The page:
Coach Justin Daerr has found that three basic sessions hold the hierarchy: the long run, the transition run and the fartlek/speed run.
Dear coach: What are the most important run workouts to do every week?
I have found that three basic sessions hold the hierarchy: the long run, the transition run and the fartlek/speed run.
The Long Run
This session makes up the basic foundation of any Ironman/long-course run program, but its importance does not fall by the wayside as the race distance decreases. Long runs build stamina and durability and help you maintain good form under fatigue.
Preferably, long runs should take place over semisoft surfaces (such as dirt roads or well-packed trails) and should build in quality as your fitness improves. You should begin these runs feeling fairly comfortable and eventually make your way to an intensity level where conversation is possible.
The Transition Run
Most working athletes are time-limited, and getting in numerous sessions in the week can be a challenging task. With this in mind, strive to run off the bike on your key cycling workout days to help increase run frequency while developing the skill of running off the bike with ease.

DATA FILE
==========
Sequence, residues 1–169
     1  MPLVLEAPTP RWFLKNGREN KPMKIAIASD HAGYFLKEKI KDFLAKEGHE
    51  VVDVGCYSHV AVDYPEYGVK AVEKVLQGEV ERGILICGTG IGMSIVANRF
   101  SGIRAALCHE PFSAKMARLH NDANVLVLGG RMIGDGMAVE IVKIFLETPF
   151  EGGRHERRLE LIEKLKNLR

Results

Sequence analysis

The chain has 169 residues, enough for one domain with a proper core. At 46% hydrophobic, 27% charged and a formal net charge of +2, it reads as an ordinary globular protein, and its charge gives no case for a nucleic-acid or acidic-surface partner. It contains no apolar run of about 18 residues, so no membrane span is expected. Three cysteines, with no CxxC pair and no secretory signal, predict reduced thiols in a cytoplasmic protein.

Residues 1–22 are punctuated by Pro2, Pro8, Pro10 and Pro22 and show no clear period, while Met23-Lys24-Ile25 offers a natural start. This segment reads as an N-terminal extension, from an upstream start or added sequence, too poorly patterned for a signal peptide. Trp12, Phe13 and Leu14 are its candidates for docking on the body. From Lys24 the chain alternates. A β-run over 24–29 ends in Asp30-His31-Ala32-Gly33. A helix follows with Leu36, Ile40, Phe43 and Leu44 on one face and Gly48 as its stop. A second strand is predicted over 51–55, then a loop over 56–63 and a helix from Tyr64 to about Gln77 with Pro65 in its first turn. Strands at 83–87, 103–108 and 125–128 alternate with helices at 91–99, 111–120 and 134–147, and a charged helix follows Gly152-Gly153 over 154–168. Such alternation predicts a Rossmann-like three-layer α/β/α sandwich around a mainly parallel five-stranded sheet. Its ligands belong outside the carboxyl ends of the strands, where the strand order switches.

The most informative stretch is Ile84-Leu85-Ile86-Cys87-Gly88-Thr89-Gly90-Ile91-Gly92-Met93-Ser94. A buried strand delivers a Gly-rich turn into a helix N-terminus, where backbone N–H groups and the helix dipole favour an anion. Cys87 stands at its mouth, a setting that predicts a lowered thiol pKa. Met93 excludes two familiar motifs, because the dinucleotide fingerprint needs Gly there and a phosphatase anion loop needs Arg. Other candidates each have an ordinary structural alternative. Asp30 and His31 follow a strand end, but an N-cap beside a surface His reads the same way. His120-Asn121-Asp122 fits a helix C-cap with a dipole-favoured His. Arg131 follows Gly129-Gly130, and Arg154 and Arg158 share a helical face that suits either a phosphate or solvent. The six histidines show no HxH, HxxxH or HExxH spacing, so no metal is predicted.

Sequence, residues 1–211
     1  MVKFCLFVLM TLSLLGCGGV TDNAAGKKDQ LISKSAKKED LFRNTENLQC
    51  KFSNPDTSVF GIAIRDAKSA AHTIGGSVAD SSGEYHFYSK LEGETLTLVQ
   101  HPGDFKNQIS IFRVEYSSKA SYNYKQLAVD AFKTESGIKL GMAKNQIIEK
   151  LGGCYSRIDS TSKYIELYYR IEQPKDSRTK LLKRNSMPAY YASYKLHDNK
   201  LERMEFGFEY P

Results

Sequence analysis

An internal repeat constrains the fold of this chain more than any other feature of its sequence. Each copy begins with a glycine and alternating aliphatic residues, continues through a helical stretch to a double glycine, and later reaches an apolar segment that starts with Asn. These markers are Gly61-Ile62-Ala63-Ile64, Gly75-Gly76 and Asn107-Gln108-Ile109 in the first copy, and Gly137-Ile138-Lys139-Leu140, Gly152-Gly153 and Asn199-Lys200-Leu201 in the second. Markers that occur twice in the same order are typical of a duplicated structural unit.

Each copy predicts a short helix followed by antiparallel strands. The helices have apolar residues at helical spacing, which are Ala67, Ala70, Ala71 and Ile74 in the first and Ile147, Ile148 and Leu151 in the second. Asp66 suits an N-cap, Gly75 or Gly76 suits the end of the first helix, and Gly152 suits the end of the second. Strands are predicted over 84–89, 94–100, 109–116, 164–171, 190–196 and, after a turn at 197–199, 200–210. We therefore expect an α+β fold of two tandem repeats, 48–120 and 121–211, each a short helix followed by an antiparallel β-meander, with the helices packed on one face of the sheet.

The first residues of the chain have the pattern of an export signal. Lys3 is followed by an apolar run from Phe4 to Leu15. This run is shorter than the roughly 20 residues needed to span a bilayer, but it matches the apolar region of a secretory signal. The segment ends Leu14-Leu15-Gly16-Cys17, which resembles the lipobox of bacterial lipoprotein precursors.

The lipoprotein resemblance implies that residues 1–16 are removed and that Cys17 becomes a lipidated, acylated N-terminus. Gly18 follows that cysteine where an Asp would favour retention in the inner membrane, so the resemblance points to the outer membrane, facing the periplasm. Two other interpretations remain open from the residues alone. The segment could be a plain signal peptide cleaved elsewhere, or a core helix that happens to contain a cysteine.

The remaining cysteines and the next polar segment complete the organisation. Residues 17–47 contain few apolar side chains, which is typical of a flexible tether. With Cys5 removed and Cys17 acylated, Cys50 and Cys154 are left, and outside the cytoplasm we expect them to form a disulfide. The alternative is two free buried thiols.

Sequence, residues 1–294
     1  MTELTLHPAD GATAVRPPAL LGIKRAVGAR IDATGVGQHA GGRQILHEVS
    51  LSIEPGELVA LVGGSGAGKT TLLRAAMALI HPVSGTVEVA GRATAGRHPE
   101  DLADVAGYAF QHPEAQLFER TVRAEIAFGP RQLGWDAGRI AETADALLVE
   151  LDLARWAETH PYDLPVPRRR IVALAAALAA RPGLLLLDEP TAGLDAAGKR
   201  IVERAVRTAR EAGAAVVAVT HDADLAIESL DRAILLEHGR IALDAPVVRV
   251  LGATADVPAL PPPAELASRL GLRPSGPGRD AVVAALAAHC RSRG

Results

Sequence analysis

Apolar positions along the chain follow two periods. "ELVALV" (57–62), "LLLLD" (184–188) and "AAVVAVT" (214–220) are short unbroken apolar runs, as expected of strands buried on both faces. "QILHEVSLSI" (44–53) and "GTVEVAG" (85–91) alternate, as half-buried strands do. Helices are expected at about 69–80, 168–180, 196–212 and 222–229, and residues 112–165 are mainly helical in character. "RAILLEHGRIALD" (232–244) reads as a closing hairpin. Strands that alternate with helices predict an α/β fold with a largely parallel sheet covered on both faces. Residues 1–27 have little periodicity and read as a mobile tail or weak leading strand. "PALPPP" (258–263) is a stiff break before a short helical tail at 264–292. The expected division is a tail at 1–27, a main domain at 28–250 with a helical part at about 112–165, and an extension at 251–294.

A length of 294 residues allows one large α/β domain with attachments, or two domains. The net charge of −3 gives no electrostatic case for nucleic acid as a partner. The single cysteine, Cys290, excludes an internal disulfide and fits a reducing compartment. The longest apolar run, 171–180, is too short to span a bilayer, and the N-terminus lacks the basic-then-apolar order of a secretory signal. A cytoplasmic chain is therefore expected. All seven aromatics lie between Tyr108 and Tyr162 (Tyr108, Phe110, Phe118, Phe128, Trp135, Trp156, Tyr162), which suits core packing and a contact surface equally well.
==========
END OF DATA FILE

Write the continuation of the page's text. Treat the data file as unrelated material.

For the athletes I work with, we establish a baseline transition run duration of 15 minutes. It is simple, easy and highly effective when done consistently over time. If time permits, an athlete can extend these sessions to help with race pacing and execution. However, as little as 15 minutes done repeatedly through the week helps athletes achieve high run frequency even if the overall run volume is moderate.
The Fartlek/Speed Run
This refers to runs that are often classified as higher intensity. I put this one last because I do believe that this should be done to complement the overall run program as opposed to being considered the most important.
Begin with sessions that are built around time/duration and not on a fixed distance or pace. As fitness improves, workouts can be formalized with distance repeats at a set pace. Forcing high paces too early can often put you at risk for injury with little additional upside in fitness. The key is to train with the fitness that you have, and not the fitness that you want.